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Lampros Panagis, Xiujun Zhao, Yongchao Ge, Lizhen Ren, Thomas W. Mittag, John Danias; Gene Expression Changes in Areas of Focal Loss of Retinal Ganglion Cells in the Retina of DBA/2J Mice. Invest. Ophthalmol. Vis. Sci. 2010;51(4):2024-2034. doi: 10.1167/iovs.09-3560.
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© ARVO (1962-2015); The Authors (2016-present)
To determine whether differences in gene expression occur between areas of focal retinal ganglion cell (RGC) loss and of relative RGC preservation in the DBA/2 mouse retina and whether they can provide insight into the pathophysiology of glaucoma.
Areas of focal RGC loss (judged by lack of Fluorogold labeling; Fluorochrome, Denver, CO), adjacent areas with relative RGC preservation in DBA/2 retina, and Fluorogold-labeled retina from DBA/2−pe (pearl) mice were dissected and used for microarray analysis. RT-PCR and immunoblot analysis were used to confirm differential gene expression. Bioinformatic analysis was used to identify gene networks affected in the glaucomatous retina.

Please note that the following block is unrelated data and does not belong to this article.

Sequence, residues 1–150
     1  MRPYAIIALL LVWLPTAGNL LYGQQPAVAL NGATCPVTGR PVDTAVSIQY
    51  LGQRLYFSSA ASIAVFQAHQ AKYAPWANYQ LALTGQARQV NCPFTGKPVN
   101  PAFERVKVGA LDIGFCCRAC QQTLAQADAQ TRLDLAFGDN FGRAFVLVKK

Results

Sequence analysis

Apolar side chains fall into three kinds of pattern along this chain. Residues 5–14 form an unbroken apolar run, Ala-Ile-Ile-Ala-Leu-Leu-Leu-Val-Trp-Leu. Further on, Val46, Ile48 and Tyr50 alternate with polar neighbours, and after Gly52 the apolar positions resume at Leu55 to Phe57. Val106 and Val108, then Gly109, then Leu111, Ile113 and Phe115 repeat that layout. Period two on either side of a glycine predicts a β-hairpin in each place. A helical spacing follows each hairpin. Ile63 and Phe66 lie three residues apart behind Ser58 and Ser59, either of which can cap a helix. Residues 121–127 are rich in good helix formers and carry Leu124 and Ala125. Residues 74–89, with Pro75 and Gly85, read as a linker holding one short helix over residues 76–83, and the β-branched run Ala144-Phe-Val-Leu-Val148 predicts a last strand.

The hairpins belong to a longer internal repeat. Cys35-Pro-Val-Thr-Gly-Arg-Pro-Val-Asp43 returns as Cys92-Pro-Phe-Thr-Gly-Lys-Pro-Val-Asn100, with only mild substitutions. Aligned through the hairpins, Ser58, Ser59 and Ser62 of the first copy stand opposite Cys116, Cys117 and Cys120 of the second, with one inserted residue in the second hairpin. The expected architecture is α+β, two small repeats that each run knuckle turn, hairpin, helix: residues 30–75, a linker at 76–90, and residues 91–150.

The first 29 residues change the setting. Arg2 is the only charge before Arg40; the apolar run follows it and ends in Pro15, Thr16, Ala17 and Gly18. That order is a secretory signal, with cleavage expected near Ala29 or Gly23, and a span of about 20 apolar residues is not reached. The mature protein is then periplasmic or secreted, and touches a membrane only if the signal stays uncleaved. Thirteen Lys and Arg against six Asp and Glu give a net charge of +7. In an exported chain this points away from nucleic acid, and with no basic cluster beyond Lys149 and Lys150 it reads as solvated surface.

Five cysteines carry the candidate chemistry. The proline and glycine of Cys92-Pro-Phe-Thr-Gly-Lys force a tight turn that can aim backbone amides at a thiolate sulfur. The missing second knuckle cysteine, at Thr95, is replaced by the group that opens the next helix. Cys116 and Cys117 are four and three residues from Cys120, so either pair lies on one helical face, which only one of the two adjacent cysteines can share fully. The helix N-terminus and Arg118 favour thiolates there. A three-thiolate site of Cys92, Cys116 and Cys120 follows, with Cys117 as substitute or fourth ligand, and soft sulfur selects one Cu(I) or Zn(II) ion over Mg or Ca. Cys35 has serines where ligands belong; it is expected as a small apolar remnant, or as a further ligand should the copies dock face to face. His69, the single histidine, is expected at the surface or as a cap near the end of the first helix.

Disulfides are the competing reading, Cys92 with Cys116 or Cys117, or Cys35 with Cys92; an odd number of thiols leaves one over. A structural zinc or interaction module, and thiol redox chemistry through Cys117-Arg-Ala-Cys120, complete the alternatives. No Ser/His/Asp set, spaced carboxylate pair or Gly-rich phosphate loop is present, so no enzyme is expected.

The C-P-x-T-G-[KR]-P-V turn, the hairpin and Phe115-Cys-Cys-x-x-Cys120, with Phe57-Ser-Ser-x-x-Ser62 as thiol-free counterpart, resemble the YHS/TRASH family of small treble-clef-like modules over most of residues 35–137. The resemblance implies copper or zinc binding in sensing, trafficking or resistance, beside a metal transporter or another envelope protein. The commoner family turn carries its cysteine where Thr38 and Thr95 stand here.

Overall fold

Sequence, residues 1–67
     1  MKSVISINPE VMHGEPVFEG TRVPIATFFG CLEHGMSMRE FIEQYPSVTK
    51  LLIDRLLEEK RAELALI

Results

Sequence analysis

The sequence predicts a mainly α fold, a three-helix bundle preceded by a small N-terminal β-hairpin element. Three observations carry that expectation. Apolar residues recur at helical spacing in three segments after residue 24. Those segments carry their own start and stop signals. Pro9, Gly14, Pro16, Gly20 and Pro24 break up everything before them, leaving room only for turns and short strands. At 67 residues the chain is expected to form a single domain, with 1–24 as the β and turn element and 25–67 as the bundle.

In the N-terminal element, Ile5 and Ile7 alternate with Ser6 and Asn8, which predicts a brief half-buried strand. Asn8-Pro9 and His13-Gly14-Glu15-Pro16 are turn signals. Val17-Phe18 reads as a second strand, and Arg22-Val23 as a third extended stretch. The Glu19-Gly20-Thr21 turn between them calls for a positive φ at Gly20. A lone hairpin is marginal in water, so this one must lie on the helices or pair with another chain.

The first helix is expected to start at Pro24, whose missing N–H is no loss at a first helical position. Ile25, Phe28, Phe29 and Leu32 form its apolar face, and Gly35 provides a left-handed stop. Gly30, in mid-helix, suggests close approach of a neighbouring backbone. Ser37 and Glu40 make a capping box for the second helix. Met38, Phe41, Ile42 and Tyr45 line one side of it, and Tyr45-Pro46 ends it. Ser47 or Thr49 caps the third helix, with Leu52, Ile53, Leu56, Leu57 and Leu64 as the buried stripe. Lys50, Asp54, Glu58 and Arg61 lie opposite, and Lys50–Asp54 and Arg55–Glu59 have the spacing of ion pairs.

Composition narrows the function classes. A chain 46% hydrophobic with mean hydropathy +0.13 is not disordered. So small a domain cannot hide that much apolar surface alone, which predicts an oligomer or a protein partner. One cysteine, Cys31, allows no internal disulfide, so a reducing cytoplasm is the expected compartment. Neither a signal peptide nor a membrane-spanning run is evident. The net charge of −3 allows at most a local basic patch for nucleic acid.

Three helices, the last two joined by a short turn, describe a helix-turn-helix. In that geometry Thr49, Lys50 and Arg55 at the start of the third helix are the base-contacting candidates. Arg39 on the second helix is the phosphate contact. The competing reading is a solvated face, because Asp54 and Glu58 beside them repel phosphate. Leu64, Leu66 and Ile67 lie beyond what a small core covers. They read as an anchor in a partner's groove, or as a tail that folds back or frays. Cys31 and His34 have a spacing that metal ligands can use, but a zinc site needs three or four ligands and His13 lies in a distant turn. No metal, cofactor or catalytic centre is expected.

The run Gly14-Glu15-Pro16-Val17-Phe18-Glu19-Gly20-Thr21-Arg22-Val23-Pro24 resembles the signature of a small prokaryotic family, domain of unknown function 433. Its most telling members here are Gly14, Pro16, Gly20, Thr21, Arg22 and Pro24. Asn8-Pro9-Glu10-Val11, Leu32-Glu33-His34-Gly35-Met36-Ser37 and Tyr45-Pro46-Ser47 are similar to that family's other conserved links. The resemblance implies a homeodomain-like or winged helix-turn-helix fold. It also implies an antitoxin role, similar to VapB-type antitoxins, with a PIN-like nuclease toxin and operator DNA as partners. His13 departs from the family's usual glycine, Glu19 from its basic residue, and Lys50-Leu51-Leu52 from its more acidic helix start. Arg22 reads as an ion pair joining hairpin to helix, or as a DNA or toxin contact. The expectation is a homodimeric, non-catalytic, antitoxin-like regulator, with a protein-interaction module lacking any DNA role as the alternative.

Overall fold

Microarray analysis identified 372 and 115 gene chip IDs as up- and downregulated, respectively, by 0.5-fold in areas of RGC loss. Differentially expressed genes included those coding for cytoskeletal proteins, enzymes, transport proteins, extracellular matrix (ECM) proteins, and immune response proteins. Several genes were confirmed by RT-PCR. For at least two genes, differential protein expression was verified. Bioinformatics analysis identified multiple affected functional gene networks. Pearl mice appeared to have significantly different gene expression, even when compared with relatively preserved areas of the DBA/2 retina.
Regional gene expression changes occur in areas of focal RGC loss in the DBA/2 retina. The genes involved code for proteins with diverse cellular functions. Further investigation is needed to determine the cellular localization of the expression of these genes during the development of spontaneous glaucoma in the DBA/2 mouse and to determine whether some of these gene expression changes are causative or protective of RGC loss.
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